6 Ways to Help Build Your Child's Self Esteem

By: Symone Grady


Every parent’s wish is that their child will grow up to value themselves and be comfortable making decisions, handling difficult obstacles and asserting themselves in the world we live in. This all starts with them feeling loved and treasured by those closest to them. So begin preparing your child to have a place in the world and ensure that they are well-adjusted and confident to take on life’s challenging tasks.The tips below will help you establish a trust with your child and build your child's self esteem to create an environment where they feel comfortable growing into their own world.


1. Share your worlds. 

Take a few minutes every day to give your child your full attention. Share with them your knowledge, passions and wisdom. Discuss family roots, traditions and stories about relatives that they will enjoy. Talk yourself up occasionally so that they can see you take pride in your achievements.

Let them share with you their opinion whenever possible throughout the day to encourage him or her to think for themselves. Simple questions; what to do for the weekend, what to wear the next day when putting out their clothes and even more difficult questions you may be contemplating yourself.


2. Put yourself in their shoes.

It’s a big world and as adults we are still learning. Be kind and patient with their difficulties (shoe tying, potty training, etc.) and mention the fact that everyone makes mistakes, they are learning moments.

As your child progresses through the years, reminisce with them by pulling out older pictures, art work and school work to show them how far they have come.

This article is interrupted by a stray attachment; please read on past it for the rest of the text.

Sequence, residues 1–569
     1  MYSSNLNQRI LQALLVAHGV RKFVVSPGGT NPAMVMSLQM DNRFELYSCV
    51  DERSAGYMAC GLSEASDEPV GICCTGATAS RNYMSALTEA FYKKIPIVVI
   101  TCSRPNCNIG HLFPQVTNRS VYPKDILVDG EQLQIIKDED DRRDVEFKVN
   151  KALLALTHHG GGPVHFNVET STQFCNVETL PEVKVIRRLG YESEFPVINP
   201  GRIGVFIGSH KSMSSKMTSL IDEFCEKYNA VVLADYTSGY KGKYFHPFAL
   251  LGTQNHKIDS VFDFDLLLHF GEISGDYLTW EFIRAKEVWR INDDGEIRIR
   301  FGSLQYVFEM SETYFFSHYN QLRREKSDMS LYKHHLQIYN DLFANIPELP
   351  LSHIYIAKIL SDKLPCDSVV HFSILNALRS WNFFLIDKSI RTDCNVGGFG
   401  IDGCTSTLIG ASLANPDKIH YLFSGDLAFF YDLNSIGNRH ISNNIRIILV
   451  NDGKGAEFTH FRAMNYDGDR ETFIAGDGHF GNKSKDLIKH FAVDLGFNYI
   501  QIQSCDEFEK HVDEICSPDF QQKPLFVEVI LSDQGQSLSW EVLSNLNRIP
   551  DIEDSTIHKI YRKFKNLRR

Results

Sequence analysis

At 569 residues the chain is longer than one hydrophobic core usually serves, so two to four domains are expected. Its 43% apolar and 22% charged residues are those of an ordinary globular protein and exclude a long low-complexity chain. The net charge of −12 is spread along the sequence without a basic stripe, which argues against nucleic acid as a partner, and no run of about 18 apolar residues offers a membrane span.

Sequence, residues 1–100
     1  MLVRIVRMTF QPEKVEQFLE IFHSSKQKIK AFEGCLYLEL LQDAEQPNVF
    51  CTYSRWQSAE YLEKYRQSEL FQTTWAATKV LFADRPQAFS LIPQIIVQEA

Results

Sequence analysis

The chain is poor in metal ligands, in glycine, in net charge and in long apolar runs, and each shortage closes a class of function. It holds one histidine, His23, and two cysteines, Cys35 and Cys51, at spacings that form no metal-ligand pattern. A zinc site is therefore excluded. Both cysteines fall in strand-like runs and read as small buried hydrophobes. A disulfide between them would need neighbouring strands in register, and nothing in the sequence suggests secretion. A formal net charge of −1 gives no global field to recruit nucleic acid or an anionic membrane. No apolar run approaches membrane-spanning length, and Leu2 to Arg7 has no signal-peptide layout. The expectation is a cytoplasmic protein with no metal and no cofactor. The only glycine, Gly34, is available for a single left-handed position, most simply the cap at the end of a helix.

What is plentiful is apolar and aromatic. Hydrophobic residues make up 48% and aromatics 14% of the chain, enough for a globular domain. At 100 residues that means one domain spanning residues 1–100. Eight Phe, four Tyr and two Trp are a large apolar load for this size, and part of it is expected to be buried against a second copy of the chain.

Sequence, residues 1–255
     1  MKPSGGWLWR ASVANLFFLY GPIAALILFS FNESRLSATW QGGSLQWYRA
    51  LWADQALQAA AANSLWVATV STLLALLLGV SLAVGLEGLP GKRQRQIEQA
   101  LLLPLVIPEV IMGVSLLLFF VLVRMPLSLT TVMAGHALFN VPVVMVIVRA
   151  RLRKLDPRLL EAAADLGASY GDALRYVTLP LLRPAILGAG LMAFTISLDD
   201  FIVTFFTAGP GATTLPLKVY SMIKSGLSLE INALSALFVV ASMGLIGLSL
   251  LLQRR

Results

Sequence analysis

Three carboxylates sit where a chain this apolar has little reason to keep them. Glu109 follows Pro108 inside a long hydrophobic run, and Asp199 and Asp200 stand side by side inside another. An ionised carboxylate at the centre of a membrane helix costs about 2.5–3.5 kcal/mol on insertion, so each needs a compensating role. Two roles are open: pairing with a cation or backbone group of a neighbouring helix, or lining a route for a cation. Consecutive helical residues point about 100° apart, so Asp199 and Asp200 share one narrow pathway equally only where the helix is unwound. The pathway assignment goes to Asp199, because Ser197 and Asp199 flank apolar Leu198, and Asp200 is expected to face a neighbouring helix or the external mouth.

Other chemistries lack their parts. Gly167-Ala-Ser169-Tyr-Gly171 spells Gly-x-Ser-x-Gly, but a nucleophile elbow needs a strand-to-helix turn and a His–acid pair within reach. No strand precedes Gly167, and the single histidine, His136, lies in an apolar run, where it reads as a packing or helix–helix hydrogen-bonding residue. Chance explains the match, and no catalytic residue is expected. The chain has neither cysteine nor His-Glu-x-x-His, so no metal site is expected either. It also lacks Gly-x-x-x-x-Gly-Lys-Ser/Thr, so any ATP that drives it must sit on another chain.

Respect their individual attributes and let them lead in situations that may be new to them (introductions, visits, places, surroundings, etc.)

Although you may not always agree with them or deem their behavior unacceptable, let them know that you understand their feelings and that sometimes people feel differently than one another.

3. Be consistent. 

Adults, as well as children, are more comfortable in situations where they know what to expect. If you follow-through on what you say, especially with punishments and rewards your child will feel secure knowing that you are in control and they can depend on you.


4. Use direct rewards and reprimands.

Good boy”, “Bad boy” and “misbehaving” all become construed as time goes on for children. Instead of telling your child they are “bad”, let them know that their specific action was unacceptable and what their punishment will be.

Specify your praise by directly acknowledging what it is that he or she has done that was great. To hear “Great job” throughout the day is nice, but to hear specific examples like “You put away your toys nicely”, or “The way you played with your cousins today and shared your toys was very nice” will encourage that behavior in the future.

Avoid the “est”. Although it is hard to not use encouraging words like “best”, “greatest”, “smartest” and “cutest”, children who are accustomed to being the “est” will then feel pressured to live up to expectations of being perfect.


5. Building strategies for tough situations. 

There will be times that your child struggles and you can not be there to help them. When something bothers your child that could be a reoccurring event, try discussing your child’s reaction and coming up with a strategy to solve the problem before taking matters into your own hands. This is important for peer interaction as they get older.

Role-play new or presumably challenging situations with him or her prior to situations occurring in order to build confidence and comfort of what to expect. (See article: My First Trip to the Library)

6. Stay Positive. 

Expose your child to unique environments and people while you discuss the positives of each experience. This will help them to come to the ultimate conclusion that there is no one in the world like him or her. After all, these are your thoughts exactly.

Tags: Self Esteem, Parent Tips, Teaching Self Esteem